The first time I made macaroons with J, we didn’t think it would be difficult. But we quickly found out that getting the shells to be shaped in a perfect circular shape was going to be an uphill task – much less achieving a smooth textured macaroon shell. And while our first attempt didn’t look aesthetically pleasing, the saving grace was the texture. It was how we envisioned it to be, that crispy shell with a light-weight fluffy interior when one bit into it. That texture kept us going for a second attempt, not before researching massively on what could have possibly gone wrong before. But despite it all, attempt #2 was even more of a failure – and we had to throw away the entire batch, in shame, pretending like our baking escapade never happened.
Then came along S – it was my first time baking with her, and between her flexible work arrangements and my very flexible timetable, we arranged to meet up on a weekday to challenge these macaroons again.
S brought along a recipe which she had tried before, and presumably this translated to a higher success rate for our macaroons to work. Having the past two failed attempts under my belt, I was no longer as ambitious and told S – let’s aim to have an instagram-worthy macaroon, and we can consider this a success, okay?
The macaroons definitely weren’t perfect by a long shot, you can see how grainy the texture was, but through our own definition – we had succeeded.
Each macaroon baking session gained me some insights, and these were what I learnt from my third attempt – to set my oven at a lower temperature than what the recipe calls for; trusting your instincts and mixing the batter to ensure a smoother texture; greasing the parchment paper for easier removal of shells after baking.
More importantly, these elusive macaroons taught me perseverance – to have courage to try again despite numerous failures, analyse what could have gone wrong in previous attempts, and then try again. Oh of course, and to also appreciate the amount of effort which goes into baking a macaroon, and savour it a bit more instead of gulping it down in three mouthfuls.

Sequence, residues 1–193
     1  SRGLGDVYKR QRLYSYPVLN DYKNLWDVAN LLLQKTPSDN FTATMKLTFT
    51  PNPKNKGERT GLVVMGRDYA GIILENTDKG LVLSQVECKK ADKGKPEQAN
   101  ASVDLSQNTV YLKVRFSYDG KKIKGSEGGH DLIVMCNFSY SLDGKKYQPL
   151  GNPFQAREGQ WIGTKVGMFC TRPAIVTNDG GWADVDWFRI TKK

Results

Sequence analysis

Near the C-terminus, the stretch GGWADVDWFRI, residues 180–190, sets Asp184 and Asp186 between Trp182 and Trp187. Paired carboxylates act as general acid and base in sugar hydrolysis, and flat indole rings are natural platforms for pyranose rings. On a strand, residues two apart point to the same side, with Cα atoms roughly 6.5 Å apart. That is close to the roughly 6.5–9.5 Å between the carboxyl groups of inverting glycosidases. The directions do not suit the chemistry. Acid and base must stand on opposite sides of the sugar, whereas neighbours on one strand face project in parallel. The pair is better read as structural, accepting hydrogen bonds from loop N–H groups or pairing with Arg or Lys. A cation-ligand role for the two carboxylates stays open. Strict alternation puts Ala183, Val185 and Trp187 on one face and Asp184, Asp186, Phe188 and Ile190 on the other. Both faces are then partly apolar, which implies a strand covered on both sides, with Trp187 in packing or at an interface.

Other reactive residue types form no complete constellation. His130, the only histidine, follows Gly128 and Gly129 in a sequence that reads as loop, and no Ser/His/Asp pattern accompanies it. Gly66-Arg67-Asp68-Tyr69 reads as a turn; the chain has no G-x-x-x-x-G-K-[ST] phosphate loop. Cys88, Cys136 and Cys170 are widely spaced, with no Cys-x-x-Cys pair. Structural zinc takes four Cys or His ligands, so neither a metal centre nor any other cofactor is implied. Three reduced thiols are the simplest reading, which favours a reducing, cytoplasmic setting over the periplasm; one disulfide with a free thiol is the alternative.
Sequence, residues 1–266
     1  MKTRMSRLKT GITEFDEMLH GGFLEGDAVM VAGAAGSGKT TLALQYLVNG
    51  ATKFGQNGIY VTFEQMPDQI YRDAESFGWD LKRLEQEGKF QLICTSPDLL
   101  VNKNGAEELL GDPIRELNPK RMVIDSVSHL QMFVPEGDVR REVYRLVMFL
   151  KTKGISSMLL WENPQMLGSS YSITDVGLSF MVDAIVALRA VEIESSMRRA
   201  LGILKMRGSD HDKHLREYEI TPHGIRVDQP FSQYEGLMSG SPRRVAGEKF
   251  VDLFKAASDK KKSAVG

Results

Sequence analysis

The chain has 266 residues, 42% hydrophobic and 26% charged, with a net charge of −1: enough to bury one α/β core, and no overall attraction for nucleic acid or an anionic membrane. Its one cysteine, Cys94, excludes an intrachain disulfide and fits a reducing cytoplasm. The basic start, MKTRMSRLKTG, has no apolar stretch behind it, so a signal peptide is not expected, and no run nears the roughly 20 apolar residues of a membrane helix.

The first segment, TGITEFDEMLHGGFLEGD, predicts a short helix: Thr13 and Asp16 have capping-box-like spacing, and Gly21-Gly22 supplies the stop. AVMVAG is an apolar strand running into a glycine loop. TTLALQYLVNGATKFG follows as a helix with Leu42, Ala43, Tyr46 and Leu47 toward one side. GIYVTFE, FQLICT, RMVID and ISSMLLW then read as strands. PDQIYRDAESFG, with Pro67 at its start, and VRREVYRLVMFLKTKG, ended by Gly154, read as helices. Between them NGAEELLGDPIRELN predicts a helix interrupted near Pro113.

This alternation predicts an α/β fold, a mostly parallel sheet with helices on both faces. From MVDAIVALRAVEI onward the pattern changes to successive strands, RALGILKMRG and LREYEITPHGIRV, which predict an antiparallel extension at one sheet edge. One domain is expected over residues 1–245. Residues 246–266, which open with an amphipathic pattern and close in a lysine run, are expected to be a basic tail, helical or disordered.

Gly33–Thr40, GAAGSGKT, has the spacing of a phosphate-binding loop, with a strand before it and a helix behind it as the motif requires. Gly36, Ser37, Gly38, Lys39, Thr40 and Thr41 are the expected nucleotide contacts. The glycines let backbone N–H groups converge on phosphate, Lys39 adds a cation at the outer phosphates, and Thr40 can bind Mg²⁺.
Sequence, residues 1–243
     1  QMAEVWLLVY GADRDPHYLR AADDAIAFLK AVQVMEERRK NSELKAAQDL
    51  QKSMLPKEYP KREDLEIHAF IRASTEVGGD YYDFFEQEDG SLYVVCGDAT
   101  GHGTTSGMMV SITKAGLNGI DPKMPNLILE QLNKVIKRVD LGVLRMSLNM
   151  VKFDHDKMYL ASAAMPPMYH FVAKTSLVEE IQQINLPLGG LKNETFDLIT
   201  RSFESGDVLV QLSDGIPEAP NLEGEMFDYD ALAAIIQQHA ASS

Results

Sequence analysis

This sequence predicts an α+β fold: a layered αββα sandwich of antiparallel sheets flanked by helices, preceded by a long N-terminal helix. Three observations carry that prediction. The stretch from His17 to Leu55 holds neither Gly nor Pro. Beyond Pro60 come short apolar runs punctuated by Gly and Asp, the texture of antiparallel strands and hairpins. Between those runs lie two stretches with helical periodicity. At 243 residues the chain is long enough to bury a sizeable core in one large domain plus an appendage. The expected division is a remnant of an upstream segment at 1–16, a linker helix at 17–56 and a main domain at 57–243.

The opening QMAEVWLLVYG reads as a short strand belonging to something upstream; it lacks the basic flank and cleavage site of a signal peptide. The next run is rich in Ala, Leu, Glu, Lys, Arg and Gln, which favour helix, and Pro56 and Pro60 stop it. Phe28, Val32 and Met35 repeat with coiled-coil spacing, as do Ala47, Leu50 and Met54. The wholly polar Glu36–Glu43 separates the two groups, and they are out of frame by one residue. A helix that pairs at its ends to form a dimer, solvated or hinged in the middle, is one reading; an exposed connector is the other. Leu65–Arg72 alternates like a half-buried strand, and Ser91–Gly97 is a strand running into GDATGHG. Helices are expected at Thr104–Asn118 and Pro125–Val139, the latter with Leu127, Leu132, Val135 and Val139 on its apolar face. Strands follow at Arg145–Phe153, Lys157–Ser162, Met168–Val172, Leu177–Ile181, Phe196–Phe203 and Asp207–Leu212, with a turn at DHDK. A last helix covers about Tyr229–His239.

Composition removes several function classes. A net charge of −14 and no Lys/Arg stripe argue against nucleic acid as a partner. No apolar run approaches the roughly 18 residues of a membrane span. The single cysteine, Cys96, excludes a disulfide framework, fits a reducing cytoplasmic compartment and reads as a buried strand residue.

Salted Caramel Macaroons
Ingredients (Macaroon Shells):
- 100g egg white
- 60g fine sugar
- 180g icing sugar
- 120g extra fine almond ground
- 5g egg white powder
- Pinch of salt
Directions (Macaroon Shells):
- Mix icing sugar & almond together. Sieve the mixture. Set it aside (Mixture 1).
- In a separate bowl, whisk the egg white, egg white powder & small pinch of salt until soft peaks. Add fine sugar a little at a time until mixture is semi-firm, looking white & glossy (Mixture 2).
- Gently stir in Mixture 1 into Mixture 2 (note: mixture should be of smooth consistency and should fall off the spatula when held up).
- Scoop into piping bag & pipe (note: draw circular shapes on parchment paper for better consistency of macaroon shells sizes).
- Leave the macaroon shells to dry for 15 min (note: to better remove the air bubbles, try knocking the baking tray against a flat, hard surface a few times).
- Bake the macaroon shells at 150 degree celsius for 20min.
- Remove tray and leave to cool.
Ingredients (Salted Caramel Filling):
- 200g whipping cream
- 300g fine sugar
- 1 1/2 tsp sea salt
Directions (Salted Caramel Filling):
- Pour the sugar into a pot and cook it to a viscous caramel mixture.
- Add in the whipping cream and stir until dissolved.
- Add in sea salt and taste.
- Cool the mixture and leave it in the fridge for 15 min before piping the filling into the cooled-down macaroon shells.